‘If it’s any other player in the competition, we don’t even talk about this.’
It might have only been the 184th AFL match in their existence but it could easily be described as Greater Western Sydney’s best.
They had players who were hurt and out of form, the opponent was red hot. It seemed as though the walls were closing in at GWS and they were heading for an early September exit.
Despite being at home and finishing a game and eight per cent clear of the Western Bulldogs, the Giants started the elimination final as underdogs.
It wasn’t surprising, given the fact that two games before, the Dogs destroyed the Giants at the same ground.
Missing a host of players including superstar Stephen Conigilio and co-captain Callan Ward, not many people gave the Giants a chance.
For so long they have been branded as a team that plays fast, slick, and fancy footy.
But last weekend, Leon Cameron put away the Ferrari and brought out the Ford F-50 Raptor. A tough, uncompromising, relentless unit that just bulldozed anything in its way.
The final scoreboard might have shown a 58-point differential, but the overall statistics showed the scoreboard was flattering for the losers.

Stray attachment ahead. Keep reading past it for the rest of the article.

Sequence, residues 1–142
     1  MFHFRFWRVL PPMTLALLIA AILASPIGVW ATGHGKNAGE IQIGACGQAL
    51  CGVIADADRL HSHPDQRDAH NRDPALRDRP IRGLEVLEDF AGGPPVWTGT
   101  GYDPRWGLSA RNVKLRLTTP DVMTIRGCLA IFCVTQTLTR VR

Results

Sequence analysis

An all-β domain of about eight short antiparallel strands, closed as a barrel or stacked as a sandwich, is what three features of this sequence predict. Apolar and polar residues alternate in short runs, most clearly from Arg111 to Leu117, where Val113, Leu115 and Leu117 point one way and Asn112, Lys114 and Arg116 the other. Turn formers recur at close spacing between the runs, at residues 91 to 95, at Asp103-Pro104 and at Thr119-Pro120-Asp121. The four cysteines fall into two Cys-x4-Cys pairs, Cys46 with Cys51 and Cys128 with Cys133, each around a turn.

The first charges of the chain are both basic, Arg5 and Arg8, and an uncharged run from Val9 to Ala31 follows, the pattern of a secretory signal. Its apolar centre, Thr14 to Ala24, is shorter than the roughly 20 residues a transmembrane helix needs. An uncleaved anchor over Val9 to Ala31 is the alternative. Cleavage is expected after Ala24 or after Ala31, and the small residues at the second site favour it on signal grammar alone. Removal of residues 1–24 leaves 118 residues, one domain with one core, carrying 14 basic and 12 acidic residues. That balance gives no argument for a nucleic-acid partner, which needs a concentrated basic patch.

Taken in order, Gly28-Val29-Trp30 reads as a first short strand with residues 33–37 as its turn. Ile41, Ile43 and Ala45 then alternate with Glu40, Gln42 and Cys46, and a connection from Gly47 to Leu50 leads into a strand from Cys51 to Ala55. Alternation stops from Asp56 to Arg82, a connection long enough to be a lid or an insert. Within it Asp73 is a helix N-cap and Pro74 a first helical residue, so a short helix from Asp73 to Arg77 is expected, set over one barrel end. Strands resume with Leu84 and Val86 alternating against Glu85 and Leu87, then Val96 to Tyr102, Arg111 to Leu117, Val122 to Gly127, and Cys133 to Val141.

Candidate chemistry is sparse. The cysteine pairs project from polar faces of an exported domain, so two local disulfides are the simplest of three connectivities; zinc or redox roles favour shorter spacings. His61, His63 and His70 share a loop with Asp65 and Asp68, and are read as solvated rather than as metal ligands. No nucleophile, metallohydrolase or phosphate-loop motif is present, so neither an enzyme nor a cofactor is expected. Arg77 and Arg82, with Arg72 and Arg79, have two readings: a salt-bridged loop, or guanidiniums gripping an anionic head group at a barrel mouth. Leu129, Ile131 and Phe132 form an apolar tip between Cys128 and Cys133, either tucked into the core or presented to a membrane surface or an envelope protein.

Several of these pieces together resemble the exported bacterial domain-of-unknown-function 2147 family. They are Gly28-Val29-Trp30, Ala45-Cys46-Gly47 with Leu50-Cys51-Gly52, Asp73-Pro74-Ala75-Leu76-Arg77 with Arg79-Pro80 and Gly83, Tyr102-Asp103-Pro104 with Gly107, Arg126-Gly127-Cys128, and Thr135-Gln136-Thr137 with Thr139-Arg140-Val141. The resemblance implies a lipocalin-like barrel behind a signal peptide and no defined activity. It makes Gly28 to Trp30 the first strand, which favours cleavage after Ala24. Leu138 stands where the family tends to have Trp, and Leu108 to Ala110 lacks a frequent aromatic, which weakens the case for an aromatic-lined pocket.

The Giants had 39 more inside 50s – a new record for finals – +42 in contested possessions, +12 in overall clearances including +10 in stoppages.
It was polar opposites to the Round 22 hiding they copped, where the Dogs won contested possession by 20, +23 inside 50s, while also winning the tackle count by a whopping 22.
The Giants barely whimpered, especially in a second half in which they failed to kick a goal, as they were steamrolled by 71 points.
For a brief period during the second quarter of the elimination final there were signs that it might have been a repeat. But instead of crumbling and ‘laying down’ again, the Giants continued to fight.
Although it was only three years ago that the Bulldogs won a premiership, a distinct advantage of finals experience aided the Giants’ performance. Using their bigger and older bodies to muscle and terrorise the young pups.
Their attack on not only the ball but also the opposition was ferocious, especially their targeting of Marcus Bontempelli, who was restricted to just 13 disposals.
While Toby Greene no doubt overstepped the line with his treatment of Bontempelli, it was his statement during his tribunal hearing that really showed his side’s intent.
“My actions were a reaction to an incident that occurred during the tackle,” Greene said during his hearing.
In Round 22, when Bontempelli caught GWS defender Nick Haynes high with a late hit, hardly any Giants players remonstrated with the superstar.
There was no chance anything like that was going to happen again, with Bontempelli left bloodied, scratched and ruffled.
While Greater Western Sydney have won finals in the past, won other games by much bigger margins and played in front of bigger crowds, it was the way they brutally smashed the young and in red-hot-form Bulldogs that made this the best win in their history.